2020’s General Assembly session will be a short one, but Greater Fort Wayne and the Regional Chamber of Northeast Indiana will be advocating for turning U.S. 30 into a freeway from the Ohio border to Valparaiso and maintaining and growing economic tools to continue funding projects to attract talent.
Meanwhile, northeast Indiana legislators will be promoting bills that affect health care and education when they start the session Jan. 6.
The Regional Chamber of Northeast Indiana will seek $15 million from the state for an environmental impact study to turn U.S. 30 into a limited-access highway, Bill Konyha, chamber president and CEO, told the dozens of people gathered Dec. 3 at Promenade Park’s Park Foundation Pavilion at the legislative preview.
U.S. 30 is a major thoroughfare for moving goods from the east to Chicago. It has stoplights through higher-traffic areas, causing backups for a mile at times in some areas.
Another priority for the chamber this legislative session will be rural broadband, which “is critical for our businesses, even in the nonrural areas,” Konyha said. “If we want our rural communities to thrive and survive, they have to have the same tools that we have.”
It also will seek to expand and enhance early childhood education.
“Early childhood development is consistent with development of our 21st-century talent and an absolute requirement for us over time to move firmly into the 21st century,” Konyha said.
GFW works for public policy that promotes business growth and talent attraction.
“Our mission is to grow a nationally recognized economy,” said Melissa Beber, GFW’s director of advocacy. “We do this by growing jobs, growing wages and growing the economy. We understand that decisions made at the Statehouse have a direct impact on whether and how these goals will be met.”
Among GFW’s 1,350 business investors who represented 80,000 workers, the No. 1 issue continues to be the inability to attract talent, Beber said. As a result, GFW created the MadeByMe coalition that includes students, parents, educators and businesses to discuss jobs in skilled trades. It also works with the AWS Foundation on the Employing People with Disabilities Initiative. Its Bridge program pairs startups with established businesses that sponsor them in receiving GFW benefits.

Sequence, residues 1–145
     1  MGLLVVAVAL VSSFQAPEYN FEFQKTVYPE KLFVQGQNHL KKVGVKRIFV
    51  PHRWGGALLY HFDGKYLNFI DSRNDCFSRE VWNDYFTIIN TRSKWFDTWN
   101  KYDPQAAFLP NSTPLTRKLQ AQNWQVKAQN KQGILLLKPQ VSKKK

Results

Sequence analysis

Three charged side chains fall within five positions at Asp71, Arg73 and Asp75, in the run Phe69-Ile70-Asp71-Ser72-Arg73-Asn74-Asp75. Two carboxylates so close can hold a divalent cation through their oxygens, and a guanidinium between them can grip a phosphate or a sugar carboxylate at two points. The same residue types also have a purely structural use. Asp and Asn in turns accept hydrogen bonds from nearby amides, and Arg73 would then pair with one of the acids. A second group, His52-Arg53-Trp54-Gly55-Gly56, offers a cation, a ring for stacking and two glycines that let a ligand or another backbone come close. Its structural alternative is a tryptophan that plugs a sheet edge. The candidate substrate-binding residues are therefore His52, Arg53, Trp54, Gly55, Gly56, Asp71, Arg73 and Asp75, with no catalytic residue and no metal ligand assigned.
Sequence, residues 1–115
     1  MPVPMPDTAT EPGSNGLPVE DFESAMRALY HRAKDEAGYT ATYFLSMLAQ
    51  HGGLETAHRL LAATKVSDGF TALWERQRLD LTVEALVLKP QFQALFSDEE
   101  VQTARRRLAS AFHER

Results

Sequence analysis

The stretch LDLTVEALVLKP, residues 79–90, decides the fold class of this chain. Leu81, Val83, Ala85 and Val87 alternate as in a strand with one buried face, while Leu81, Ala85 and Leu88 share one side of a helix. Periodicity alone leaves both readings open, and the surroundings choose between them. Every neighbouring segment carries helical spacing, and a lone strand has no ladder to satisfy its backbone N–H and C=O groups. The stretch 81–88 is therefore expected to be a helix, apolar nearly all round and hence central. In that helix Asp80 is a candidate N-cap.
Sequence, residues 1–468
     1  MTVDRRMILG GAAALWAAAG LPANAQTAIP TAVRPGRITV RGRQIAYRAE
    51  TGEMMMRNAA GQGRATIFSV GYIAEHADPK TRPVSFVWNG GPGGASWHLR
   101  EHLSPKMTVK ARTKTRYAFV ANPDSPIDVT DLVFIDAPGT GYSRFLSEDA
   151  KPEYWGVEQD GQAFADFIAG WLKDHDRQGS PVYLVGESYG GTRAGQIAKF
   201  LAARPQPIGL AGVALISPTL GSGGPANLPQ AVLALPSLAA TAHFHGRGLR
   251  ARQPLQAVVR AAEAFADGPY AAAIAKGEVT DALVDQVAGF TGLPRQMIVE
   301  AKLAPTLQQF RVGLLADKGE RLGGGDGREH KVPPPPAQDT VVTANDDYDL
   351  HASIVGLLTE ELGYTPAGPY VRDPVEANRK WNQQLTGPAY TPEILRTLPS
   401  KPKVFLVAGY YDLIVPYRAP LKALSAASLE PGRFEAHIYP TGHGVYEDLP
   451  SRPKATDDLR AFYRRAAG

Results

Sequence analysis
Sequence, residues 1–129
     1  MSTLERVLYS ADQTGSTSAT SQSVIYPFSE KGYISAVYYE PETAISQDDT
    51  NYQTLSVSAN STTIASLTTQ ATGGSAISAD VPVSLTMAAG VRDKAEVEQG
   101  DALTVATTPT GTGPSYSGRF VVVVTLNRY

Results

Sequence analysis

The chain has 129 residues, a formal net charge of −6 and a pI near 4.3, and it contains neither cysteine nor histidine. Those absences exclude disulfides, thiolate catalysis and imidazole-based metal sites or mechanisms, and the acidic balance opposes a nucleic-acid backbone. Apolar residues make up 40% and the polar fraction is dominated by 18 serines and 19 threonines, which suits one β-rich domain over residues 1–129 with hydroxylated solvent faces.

This year, the community has seen 1,200 new job commitments and nearly $52 million in annual payroll with $139 million in investment.
The state hasn’t continued to fund Regional Cities Initiative to fund quality-of-place projects to attract residents and talent, so a new concept called investment hubs has been created that’s built off RDAs. They would allow RDA members to create local option sales taxes, a food and beverage tax or a local income tax that would put a portion of the money in the RDA to fund regional projects.
GFW also supports Fort Wayne International Airport’s terminal expansion project to allow larger planes there, Beber said.
What’s expected from this session:
• It must be completed by March 15, and likely will wrap up by March 11 because Indianapolis will be inundated with visitors for the NCAA Tournament, Beber said.
• It will see Rep. Todd Huston, R-Fishers, working with outgoing House Speaker Brian C. Bosma, R-Indianapolis, to take over his job after Bosma announced that he’ll retire at the end of the next session.
• Vaping will likely be a top issue with taxation, age limits and flavoring restrictions among possibilities, Beber said.
Ten northeast Indiana legislators attended the preview to report on their goals for the session:
• Sen. Travis Holdman, whose District 19 includes eastern Huntington County; chair of the Tax and Fiscal Policy Committee: Will promote a bill for a performance hub that’s “RDA-light” and will affect only central Indiana. He’s also concerned about hospital costs “what I consider near a crisis in Indiana.”